Ginger root is an effective antidote for motion sickness while at sea
A Danish study published in 1988 tested the effects of ginger root powder on 80 new Naval cadets who were out on the high seas in stormy weather for the first time. The sea-sick cadets were either given a placebo or 1 gram of ginger root powder, then measured every hour for symptoms of motion sickness for four hours. Continue reading
Red yeast rice is a part of Chinese cuisine (food coloring for Peking duck) as well as a medicinal agent. It is prepared by using a type of yeast, “Manascus purpureus,” fermented with rice, which was first recorded as being used during the Ming Dynasty (1368-1644). It also carries some excellent possibilities for lowering cholesterol.
There are many chemicals in red yeast rice, including starch, sterols, isoflavones, monounsaturated fatty acids, and monacolins. Monacolin K is actually a statin; specifically, lovastatin, a commonly prescribed cholesterol- lowering drug. Continue reading
Make sure you wear long pants and shirts when outside between sunset and sunrise. At least that’s the recommendation of the Centers for Disease Control and Prevention (CDC).
It seems that the number of West Nile cases is on the rise. The CDC reported that, in 2009, there were 720 confirmed cases of West Nile and 32 fatalities. In 2010, numbers were up, with 1,021 confirmed cases and 57 deaths.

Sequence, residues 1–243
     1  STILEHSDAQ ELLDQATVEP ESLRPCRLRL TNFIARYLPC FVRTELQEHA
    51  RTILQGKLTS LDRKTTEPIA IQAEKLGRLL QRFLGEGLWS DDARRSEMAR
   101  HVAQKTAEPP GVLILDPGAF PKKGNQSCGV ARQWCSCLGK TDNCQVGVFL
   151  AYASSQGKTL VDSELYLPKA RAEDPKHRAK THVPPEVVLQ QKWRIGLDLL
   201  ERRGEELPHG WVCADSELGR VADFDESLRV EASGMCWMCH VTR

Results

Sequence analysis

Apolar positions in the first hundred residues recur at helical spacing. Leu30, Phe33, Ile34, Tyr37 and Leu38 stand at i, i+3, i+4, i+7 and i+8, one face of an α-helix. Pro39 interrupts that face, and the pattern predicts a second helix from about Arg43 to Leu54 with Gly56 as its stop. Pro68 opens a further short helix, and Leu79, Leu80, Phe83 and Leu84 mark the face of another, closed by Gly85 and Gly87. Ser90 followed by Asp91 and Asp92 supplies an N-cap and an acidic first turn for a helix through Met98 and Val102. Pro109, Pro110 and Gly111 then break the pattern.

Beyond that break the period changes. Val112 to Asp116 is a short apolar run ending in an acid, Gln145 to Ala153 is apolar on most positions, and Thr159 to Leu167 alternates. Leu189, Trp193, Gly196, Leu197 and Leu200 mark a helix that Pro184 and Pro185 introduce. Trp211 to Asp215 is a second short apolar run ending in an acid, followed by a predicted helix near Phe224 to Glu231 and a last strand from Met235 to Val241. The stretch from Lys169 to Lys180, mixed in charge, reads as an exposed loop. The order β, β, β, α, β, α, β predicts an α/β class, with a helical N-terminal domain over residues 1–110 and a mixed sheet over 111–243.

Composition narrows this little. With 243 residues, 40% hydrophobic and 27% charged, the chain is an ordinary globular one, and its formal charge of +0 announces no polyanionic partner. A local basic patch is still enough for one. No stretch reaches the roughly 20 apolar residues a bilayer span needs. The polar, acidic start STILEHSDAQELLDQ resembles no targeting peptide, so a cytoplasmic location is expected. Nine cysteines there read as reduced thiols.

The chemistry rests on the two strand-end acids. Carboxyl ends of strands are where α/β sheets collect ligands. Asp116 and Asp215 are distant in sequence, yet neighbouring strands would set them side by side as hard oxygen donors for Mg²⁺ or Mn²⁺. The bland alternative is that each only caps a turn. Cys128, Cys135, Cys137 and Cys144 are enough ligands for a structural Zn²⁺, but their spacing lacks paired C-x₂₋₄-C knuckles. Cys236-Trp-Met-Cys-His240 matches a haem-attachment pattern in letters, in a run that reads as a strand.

Peak mosquito season is in August and September and the number of West Nile cases is expected to rise even more in 2011.
If you are infected with West Nile, Continue reading
Dr. Pat Crocker knows better than most that it’s dangerously hot in Central Texas these days.
“We are in an exceptionally hot period — a 100-year drought with 106-, 107-degree days. So we’re at a higher risk for heat injuries, and it just makes sense for people to be extra careful,” said Crocker, chief of emergency medicine at Dell Children’s Medical Center.
That includes the high school football players and coaches found on sweltering, sun-baked fields.
In protecting young athletes from heat-related illnesses, Crocker said, “there are a number of things that have clear value because most, if not all, exertion-related heat injuries are preventable. Continue reading
A new study published in the journal Nature Chemistry provides new insight into the power of a rare type of tree bark to relieve serious pain. Scientists from the Scripps Research Institute (SRI) in Florida discovered that the bark of the Tabernaemontana divaricata plant, also known as crepe jasmine, contains a compound known as conolidine that appears to be just as effective at treating pain as morphine, but without all the harmful side effects.
Glenn Micalizio, an associate professor at the SRI Department of Chemistry, and his colleagues first had to figure out a way to synthesize conolidine in order to study it. Once they did, they discovered for the first time that conolidine is an effective alternative to traditional opioid analgesics. And because it does not cause nausea, constipation, breathing problems, and even death like morphine can, conolidine has great potential to become a natural replacement for this and other pain medications.
Not an opioid itself, conolidine remains a bit of a mystery. Researchers are not quite sure how the substance works to relieve both acute and inflammatory pain in a similar way as opioids do without acting upon the same cellular receptors. Continue reading